1601 Hayes- taken from the May 2003 Newsletter

March 24, 2020 2:01 pm Published by Leave your thoughts

The beauty of a home is determined not only by the grace of its architecture but by the charm of its surrounding neighborhood. The 1400 to 1700 blocks of Hayes Street, have always been lined with large Sycamore and Elm trees on both sides of the street. The natural arbor has offered inviting shade in the summer and a canopy of color in the Fall. 

For the historian, it is hard to speak of a house without remembering the neighborhood. The first owner was Elizabeth Austin, wife of Steven F. Austin. In 1881 she granted a Texas Independence veteran, R.E.

Montgomery the land on which the house sits today. The original deed at that time contained ambiguous boundary descriptions such as “from the Stone”, “Vargas from the Cottonwood”, or “Elm tree marked with an X”. J.A. Kemp and Frank Kell were the original developers of the Floral Heights addition in 1909. Hayes St. sat on the western edge of the development and was the state highway heading to Seymour Texas. 

The original three bedroom, one bath home was built between 1921 and 1923. A prominent member of the city, Grover Bullington, was the third owner and paid $6,750 for the property. He lived her for some ten years.
In 1933 during the Great Depression, Harry Thornberry, a local druggist, purchased the house and lived there with his family for almost 40 years. Mr. Thornberry was a neighborhood icon serving this local community from Allison’s Drugstore, an old building located at the corner of Hayes and Seymour Road. Mr. Thornberry was the granduncle of our current U.S. Representative, Mac Thornberry.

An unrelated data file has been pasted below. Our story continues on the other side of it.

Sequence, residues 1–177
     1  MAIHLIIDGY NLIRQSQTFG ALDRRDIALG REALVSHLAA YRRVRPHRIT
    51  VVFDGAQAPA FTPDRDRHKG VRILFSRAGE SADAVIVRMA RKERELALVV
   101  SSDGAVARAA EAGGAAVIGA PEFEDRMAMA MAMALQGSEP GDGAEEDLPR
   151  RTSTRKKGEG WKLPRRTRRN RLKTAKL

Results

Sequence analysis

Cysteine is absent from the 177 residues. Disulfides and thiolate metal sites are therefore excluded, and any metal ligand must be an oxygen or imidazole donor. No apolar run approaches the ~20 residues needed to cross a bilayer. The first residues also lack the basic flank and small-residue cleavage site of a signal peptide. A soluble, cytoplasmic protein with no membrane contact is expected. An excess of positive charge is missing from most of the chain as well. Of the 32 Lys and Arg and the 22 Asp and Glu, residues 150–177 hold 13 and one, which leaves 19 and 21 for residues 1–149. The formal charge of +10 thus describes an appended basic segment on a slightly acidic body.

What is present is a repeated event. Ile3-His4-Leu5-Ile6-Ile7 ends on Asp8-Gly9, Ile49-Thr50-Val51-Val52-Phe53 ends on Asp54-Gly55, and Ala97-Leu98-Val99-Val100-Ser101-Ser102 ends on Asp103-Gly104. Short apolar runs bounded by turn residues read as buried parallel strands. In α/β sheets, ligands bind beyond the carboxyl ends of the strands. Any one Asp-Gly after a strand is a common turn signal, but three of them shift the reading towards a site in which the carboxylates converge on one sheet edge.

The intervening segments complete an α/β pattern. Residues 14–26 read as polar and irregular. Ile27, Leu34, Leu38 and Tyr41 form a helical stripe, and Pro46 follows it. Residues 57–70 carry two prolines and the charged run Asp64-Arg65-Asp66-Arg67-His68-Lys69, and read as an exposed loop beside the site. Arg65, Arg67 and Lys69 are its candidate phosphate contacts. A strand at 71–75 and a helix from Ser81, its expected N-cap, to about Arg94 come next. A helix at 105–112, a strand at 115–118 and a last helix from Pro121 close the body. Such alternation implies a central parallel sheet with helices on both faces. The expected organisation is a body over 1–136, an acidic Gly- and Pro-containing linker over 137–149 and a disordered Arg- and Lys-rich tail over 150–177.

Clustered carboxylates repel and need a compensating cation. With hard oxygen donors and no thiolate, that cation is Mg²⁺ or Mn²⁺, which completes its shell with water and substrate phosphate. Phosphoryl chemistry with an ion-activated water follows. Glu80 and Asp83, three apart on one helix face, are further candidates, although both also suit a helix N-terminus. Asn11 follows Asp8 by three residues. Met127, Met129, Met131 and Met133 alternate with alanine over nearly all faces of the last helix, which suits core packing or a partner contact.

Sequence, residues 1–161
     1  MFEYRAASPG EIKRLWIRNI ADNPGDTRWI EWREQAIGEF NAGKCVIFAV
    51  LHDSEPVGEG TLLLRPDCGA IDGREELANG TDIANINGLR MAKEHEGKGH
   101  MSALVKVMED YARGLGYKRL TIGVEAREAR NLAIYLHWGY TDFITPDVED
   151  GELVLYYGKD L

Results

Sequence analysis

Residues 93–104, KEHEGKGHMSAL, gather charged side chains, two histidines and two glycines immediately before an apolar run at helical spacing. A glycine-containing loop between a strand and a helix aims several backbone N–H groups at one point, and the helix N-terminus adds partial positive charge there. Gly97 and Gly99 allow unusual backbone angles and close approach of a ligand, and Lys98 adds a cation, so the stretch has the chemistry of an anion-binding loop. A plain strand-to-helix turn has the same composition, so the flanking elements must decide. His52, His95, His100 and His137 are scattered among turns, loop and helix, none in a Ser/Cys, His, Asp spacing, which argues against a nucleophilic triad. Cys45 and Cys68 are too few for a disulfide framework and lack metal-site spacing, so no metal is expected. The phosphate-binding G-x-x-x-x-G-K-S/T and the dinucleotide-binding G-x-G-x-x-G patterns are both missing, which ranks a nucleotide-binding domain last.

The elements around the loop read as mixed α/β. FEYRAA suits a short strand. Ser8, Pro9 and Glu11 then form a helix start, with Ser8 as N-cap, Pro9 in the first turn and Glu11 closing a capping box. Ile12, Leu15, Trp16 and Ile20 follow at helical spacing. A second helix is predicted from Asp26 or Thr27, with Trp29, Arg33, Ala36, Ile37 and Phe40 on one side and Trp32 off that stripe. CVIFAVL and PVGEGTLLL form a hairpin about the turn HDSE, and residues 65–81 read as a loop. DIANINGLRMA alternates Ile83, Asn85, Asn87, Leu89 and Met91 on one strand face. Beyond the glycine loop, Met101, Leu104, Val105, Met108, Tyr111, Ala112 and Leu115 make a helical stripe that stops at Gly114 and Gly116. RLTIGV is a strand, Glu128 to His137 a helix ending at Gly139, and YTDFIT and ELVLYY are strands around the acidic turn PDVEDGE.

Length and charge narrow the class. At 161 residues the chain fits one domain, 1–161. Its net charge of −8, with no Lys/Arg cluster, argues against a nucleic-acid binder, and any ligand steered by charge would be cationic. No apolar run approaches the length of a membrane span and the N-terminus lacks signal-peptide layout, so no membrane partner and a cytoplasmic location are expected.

John and Maria Scott purchased the house from Mr. Thornberry’s widow, Lydia, in 1972. Having three children, we intended to add on a large family room, master bedroom, and bath to the original home. At the time Mrs. Thornberry was 82 years old with a beautiful smile and a lively twinkle in her eye. Even after she moved away her love for the home was evident. She would periodically drop by to check on the progress of the remodeling project. It was truly an honor to receive a vote of confidence and blessing from the previous owner. Our family grew to love this gracious and wonderful lady. Her personal touch can be seen today through the uniquely beautiful plants strategically placed throughout the landscape. Now they are my special plants. I think of her often as I tend to their daily needs.

We were entrusted with the task of maintaining the integrity of the original house while enhancing the beauty of the home. The house is now a mix of modern and traditional design. The original house was simple. There were limited extras such as the compound crown molding in the living and dining rooms. A gas fireplace and French doors served as focal points in the main parlor. I attempted to keep all the original charm where possible. We even renovated and reused the original light fixtures now illuminating the family room. Complex crown molding, shadow boxes, and an elaborate fireplace mantle now offer a touch of luxury to the house.

My wife and family had wonderful parties in this old house. Our neighborhood is better now than before with all the young families living among us.

Have a nice Spring,John Scott

This post was written by Christine Heidebrecht

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